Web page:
Puritanism was a religious denomination that emerged from the Protestant Reformation of the 16th century and came to have a significant impact on English political events in the 17th century and on American culture. The Puritans shared with Protestants the belief that the Bible should be translated into languages other than Latin, but were unique in their belief in predestination.

The Protestant Reformation

Puritanism originates with the Protestant Reformation, a religious upheaval that began in 1517 and challenged the religious supremacy of the Catholic Church. Another prominent Protestant reformer was John Calvin of Geneva, who had a more radical vision of Protestantism known as Calvinism. Calvinists in England in the later 16th century began calling themselves Puritans, as they sought to "purify" the English Church, which had split from Catholicism in the early 16th century but which they deemed was not different enough.

The Bible

One of the major beliefs of Puritanism, and one shared by all Protestants, was that the Bible should be translated into local languages, rather than remain in Latin as dictated by the Catholic Church. Protestantism had at its core the belief that each individual was responsible for their own faith, and so individuals needed to be able to read the Bible in their own language. Thus Puritans and Protestants were major supporters of translations of the Bible into different languages, for the sake of individual worship.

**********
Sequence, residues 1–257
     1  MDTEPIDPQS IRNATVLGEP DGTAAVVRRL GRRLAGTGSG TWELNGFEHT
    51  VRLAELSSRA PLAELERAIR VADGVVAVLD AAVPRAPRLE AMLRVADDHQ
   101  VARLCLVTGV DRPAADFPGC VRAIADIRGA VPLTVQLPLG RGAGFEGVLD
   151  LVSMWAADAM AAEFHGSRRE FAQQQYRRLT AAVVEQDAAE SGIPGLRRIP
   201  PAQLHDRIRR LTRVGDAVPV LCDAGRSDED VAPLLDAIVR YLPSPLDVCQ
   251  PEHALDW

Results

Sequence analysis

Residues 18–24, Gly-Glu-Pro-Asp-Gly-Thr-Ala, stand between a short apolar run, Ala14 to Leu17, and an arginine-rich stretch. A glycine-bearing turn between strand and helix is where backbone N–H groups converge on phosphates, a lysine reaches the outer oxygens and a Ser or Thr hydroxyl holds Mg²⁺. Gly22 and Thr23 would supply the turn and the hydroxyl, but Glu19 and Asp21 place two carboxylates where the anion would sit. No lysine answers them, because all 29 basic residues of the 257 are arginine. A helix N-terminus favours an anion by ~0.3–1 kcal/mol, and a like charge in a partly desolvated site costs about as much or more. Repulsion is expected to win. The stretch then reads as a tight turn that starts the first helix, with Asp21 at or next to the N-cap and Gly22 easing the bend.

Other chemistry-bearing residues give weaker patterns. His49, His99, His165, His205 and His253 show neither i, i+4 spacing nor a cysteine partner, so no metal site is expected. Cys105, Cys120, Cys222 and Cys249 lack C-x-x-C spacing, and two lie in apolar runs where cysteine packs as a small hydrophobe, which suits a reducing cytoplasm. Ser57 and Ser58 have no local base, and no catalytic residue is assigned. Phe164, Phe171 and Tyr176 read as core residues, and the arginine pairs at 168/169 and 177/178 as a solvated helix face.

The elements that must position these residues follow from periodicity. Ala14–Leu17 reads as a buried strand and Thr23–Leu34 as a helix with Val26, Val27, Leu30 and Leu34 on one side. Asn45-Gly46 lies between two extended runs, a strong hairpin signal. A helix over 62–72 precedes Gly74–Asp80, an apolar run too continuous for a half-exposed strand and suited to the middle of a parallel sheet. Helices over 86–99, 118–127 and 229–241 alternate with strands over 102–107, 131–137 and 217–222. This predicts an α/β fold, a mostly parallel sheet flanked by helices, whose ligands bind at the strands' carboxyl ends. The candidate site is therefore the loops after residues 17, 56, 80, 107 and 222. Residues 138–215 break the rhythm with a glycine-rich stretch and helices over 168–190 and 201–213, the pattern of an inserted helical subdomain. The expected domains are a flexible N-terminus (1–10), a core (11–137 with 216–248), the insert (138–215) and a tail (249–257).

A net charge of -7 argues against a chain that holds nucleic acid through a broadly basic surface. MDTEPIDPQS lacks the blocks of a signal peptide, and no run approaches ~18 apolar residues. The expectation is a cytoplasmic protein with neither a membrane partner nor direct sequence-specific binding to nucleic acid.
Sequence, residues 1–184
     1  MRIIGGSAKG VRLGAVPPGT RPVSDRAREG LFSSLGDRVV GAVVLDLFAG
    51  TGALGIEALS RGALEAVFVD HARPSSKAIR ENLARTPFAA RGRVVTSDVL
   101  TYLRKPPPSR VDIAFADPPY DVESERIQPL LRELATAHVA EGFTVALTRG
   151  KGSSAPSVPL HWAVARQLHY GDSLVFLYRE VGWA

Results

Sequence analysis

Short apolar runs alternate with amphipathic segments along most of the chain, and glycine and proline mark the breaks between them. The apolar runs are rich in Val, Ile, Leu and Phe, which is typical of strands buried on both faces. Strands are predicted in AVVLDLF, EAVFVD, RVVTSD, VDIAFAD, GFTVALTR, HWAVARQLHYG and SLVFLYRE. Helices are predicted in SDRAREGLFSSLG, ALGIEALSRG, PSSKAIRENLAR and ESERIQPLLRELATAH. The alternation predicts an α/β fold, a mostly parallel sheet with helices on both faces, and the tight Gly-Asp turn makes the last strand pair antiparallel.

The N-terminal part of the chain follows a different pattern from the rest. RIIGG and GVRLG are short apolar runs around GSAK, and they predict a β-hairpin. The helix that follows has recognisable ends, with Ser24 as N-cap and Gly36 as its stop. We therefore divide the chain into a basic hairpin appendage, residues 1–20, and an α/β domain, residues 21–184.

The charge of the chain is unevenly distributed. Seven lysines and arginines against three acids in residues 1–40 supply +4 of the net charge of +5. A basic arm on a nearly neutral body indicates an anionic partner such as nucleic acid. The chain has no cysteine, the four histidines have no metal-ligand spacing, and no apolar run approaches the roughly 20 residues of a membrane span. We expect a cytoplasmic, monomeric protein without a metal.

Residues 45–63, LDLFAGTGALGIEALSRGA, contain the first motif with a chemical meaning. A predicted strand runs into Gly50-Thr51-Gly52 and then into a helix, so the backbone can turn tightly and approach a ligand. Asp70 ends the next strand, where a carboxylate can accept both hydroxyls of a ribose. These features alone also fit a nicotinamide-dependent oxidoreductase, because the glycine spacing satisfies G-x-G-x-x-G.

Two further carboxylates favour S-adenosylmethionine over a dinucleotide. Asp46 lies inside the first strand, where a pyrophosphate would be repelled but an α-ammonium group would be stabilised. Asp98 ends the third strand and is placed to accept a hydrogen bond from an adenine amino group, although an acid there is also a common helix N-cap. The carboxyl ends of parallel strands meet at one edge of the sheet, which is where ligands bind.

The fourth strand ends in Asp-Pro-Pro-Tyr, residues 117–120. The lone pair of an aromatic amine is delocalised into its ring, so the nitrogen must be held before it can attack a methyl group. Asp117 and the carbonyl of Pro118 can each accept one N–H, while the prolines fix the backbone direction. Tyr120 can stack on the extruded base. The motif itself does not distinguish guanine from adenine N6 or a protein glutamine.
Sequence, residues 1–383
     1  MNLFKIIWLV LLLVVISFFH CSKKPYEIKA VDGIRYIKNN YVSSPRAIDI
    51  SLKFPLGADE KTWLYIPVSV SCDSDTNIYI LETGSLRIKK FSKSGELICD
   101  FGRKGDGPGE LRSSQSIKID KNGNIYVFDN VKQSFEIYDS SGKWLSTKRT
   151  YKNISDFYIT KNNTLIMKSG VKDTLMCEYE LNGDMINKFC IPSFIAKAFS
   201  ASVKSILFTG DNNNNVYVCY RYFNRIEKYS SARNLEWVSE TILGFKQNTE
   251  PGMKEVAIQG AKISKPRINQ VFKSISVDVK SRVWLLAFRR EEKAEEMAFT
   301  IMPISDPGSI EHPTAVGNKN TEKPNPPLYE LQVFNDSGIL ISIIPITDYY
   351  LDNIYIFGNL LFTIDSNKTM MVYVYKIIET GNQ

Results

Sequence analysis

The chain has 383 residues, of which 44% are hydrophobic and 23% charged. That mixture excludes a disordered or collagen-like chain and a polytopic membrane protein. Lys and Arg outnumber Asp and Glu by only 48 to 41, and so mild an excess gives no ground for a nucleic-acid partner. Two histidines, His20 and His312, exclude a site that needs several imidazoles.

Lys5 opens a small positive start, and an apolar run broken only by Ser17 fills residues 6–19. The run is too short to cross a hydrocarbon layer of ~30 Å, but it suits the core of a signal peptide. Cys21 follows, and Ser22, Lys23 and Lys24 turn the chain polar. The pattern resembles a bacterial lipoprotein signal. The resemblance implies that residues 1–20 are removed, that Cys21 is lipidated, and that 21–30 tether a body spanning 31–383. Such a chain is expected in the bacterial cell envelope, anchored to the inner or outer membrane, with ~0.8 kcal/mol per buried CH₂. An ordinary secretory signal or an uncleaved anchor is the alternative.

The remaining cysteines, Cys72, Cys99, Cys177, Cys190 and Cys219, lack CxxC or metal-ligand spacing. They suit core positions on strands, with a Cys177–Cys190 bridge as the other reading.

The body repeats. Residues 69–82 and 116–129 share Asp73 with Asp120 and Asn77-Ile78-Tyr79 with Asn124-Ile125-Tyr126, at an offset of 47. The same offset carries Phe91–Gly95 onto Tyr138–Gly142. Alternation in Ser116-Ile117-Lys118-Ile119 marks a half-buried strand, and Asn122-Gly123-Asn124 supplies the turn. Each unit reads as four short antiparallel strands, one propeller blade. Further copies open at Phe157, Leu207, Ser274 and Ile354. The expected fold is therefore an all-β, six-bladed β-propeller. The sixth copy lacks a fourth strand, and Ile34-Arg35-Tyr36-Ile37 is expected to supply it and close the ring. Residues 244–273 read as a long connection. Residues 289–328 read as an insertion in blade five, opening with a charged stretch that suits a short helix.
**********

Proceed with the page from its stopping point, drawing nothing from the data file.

Predestination

The belief that set Puritans and Calvinists apart from other denominations of Protestantism, however, was predestination. Puritans believed that God had already determined who would go to heaven and who to hell, and that a small percentage of individuals among the population were the Elect, those predestined for heaven. While no one knew whether he or she was predestined for heaven, the Elect would naturally be hard workers and good people and so Puritans strove to be the best they could be in the hope that they were one of the Elect.

Impacts

Puritans had a significant impact on the United States, where many established colonies after fleeing persecution in England. Because Puritans worked hard in the hopes that they were of the Elect, these colonies were economically successful. Scholars such as Max Weber even argue that the unique Puritan work ethic permeated American culture and helped the young nation work hard to achieve economic success. In England, Puritans had a different, more controversial impact: in 1642, they helped start the English Civil War, which would culminate in the execution of King Charles I.